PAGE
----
Food & Drink

TerraVita Food & Drink Festival is all about the food, but it’s about connections, too

The TerraVita Food & Drink Festival features the Seasoned in the South dinner to honor Crook’s Corner chef Bill Smith (pictured in 2011). The meal features Vivian Howard of A Chef’s Life and Chef & The Farmer in Kinston; TV personality and chef Elizabeth Karmel – aka Grill Girl; Chris Stewart of The Glass Onion in Charleston, S.C.; Sam McGann of The Blue Point in Duck; cookbook author Sheri Castle and Matthew Register of Southern Smoke BBQ in Garland.
The TerraVita Food & Drink Festival features the Seasoned in the South dinner to honor Crook’s Corner chef Bill Smith (pictured in 2011). The meal features Vivian Howard of A Chef’s Life and Chef & The Farmer in Kinston; TV personality and chef Elizabeth Karmel – aka Grill Girl; Chris Stewart of The Glass Onion in Charleston, S.C.; Sam McGann of The Blue Point in Duck; cookbook author Sheri Castle and Matthew Register of Southern Smoke BBQ in Garland. tlong@newsobserver.com

As a man and woman sit down with their coffee one recent morning at Cafe Driade, they notice the T-shirt worn by the woman at the next table. They react with the instant familiarity of seeing a stranger in some foreign city wearing a cap emblazoned with a shared college logo.

The shirt said “TerraVita Food & Drink Festival,” and the couple knew they had found a friend. They had actually found its founder, Colleen Minton.

“TerraVita! We saw your shirt; he wears his like once a week,” the woman said.

“That’s great, thanks for coming,” Minton said. “Are you coming back this year?”

“We’re hoping,” the man says. “It’s awesome. Really it’s a great event.”

Colleen Minton
Colleen Minton’s home grown food festival TerraVita attracts some of the best chefs in the Southeast, including many from the Triangle. Courtesy Sara Logan Photography

This year’s festival runs Oct. 18 to 21 in Chapel Hill and Carrboro, including three dinners, a host of workshops and the Grand Tasting, where more than 40 chefs, brewers and mixologists from North Carolina prepare dishes and drinks for one giant party.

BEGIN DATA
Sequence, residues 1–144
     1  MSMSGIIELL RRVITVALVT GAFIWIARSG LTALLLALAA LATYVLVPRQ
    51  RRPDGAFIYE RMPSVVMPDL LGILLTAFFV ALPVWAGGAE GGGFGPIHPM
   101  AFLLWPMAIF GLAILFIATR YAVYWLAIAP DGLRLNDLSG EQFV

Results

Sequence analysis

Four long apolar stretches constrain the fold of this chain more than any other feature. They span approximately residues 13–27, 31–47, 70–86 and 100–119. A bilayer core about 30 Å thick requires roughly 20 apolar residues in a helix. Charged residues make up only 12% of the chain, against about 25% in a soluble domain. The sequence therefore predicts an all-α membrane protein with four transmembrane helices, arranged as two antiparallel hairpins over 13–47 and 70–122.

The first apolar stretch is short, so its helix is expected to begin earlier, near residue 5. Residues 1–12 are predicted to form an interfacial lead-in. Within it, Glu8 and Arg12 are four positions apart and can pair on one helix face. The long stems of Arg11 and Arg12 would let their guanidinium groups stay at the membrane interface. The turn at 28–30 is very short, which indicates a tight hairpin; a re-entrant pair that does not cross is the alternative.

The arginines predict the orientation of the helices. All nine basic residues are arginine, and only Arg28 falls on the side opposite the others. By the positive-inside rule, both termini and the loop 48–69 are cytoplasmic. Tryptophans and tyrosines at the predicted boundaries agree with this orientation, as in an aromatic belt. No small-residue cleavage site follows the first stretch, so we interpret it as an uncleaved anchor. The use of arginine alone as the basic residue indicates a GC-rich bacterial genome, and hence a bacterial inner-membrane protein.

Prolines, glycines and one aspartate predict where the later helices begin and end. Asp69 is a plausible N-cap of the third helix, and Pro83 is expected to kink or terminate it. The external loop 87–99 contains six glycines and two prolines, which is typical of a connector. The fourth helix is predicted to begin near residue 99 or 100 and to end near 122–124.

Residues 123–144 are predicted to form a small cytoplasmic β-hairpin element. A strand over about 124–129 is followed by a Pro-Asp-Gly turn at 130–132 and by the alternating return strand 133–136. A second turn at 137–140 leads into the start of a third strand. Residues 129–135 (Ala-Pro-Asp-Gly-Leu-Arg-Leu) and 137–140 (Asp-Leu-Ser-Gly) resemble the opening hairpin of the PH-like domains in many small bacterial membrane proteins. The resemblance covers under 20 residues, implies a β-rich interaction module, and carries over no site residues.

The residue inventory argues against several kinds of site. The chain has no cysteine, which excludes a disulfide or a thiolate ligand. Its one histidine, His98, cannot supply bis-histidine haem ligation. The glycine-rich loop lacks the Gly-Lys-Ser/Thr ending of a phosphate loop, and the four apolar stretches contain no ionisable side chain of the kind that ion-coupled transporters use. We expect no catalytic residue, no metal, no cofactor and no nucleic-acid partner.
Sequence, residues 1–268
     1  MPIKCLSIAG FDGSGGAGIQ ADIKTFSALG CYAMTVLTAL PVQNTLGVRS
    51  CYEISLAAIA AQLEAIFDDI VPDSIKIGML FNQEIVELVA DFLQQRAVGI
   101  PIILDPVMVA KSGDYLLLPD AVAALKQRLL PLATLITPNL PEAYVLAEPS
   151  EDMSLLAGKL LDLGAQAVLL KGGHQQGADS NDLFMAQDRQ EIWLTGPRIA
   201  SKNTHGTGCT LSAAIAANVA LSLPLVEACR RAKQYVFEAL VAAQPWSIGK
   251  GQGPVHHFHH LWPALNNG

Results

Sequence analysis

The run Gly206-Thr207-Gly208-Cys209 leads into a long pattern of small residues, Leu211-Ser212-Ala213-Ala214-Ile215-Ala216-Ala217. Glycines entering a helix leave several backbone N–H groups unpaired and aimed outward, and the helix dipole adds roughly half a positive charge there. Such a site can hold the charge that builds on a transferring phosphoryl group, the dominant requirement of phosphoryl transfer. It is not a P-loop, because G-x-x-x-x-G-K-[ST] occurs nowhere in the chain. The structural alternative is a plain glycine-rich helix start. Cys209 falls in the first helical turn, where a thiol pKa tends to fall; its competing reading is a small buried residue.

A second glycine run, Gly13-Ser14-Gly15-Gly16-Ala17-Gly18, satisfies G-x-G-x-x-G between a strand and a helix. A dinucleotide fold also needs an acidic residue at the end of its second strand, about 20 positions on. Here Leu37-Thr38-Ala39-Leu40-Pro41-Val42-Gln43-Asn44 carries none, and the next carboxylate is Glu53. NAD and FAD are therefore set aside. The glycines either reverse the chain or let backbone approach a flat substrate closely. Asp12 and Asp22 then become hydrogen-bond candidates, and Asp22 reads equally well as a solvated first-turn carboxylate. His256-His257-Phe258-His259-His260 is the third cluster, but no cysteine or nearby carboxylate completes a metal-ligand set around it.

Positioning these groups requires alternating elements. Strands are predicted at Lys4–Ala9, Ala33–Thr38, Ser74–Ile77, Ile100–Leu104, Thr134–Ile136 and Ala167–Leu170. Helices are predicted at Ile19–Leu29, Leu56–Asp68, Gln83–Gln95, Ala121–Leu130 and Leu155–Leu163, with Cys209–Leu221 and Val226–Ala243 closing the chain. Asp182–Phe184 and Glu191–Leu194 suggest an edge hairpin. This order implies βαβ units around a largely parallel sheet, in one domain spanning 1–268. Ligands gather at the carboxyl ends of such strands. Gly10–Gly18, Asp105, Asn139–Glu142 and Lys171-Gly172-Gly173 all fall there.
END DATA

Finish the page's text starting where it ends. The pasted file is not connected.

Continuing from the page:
The roster of talent includes acclaimed North Carolina chefs Scott Crawford (Crawford & Son in Raleigh), Cheetie Kumar (Garland in Raleigh), Ricky Moore (Saltbox Seafood Joint in Durham) and Vivian Howard (Chef & the Farmer in Kinston). There will be a tribute dinner for Crook’s Corner chef Bill Smith, along with panel discussions with pitmaster Ed Mitchell and recent James Beard Award winner and author Ronni Lundy, among a couple of dozen others.

Minton created TerraVita as a one-off dinner and bank-rolled it herself for the first three years, but now it’s a fully formed festival that means different, even personal things, to the thousands who have attended.

With the ascent of food and dining as a cultural, even pop cultural, phenomenon, food festivals have popped up all over as meeting points for chefs and diners beyond what happens daily in restaurants.

TerraVita sets itself apart from other festivals with its focus on sustainability. There’s no trash accumulated from the festival, made possible with meals and dishes served on the finest biodegradable plates and volunteers standing at waste stations directing traffic for what can be composted and what can be recycled.

The signature event is probably the Grand Tasting, where diners stroll from great bite to great bite under a big top tent.

But Minton is proudest of the Sustainable Classroom, which she believes the festival does better than any other. Book deals have come out of past panels and workshops, and this year’s schedule ranges from the role of chefs in efforts for social justice to Appalachian cooking to making better cocktails at home and the beyond-slurping benefits of oysters.

Like a bride on her wedding day, Minton says she doesn’t actually eat very much at her festival, but promises the food is very good. We spoke to her about food festivals, the Triangle’s dining scene and sustainability.

Q: When you’re putting together a food festival, how do you go beyond that?

A: I think it helped that I had never been to a food festival before I started it. I think it helps that I had no reference point. It was totally accidental. I had no idea what I was doing. I hope it’s authentic and comes across as rooted in a place that’s super genuine and accomplishes something more than just putting down good food. I want it to be more than that. It should be more than that.

The real reason I do this is really about connecting with people in a way that’s more meaningful. The food festival part of it and the drink festival is really more about quality sourcing than being focused on that as the starter. That’s part of the equation always, but it’s never the starting point. It’s always about the connections and relationships and ideas that are the impetus of whatever we’re doing that year. Then we think who fits the bill to meet these goals.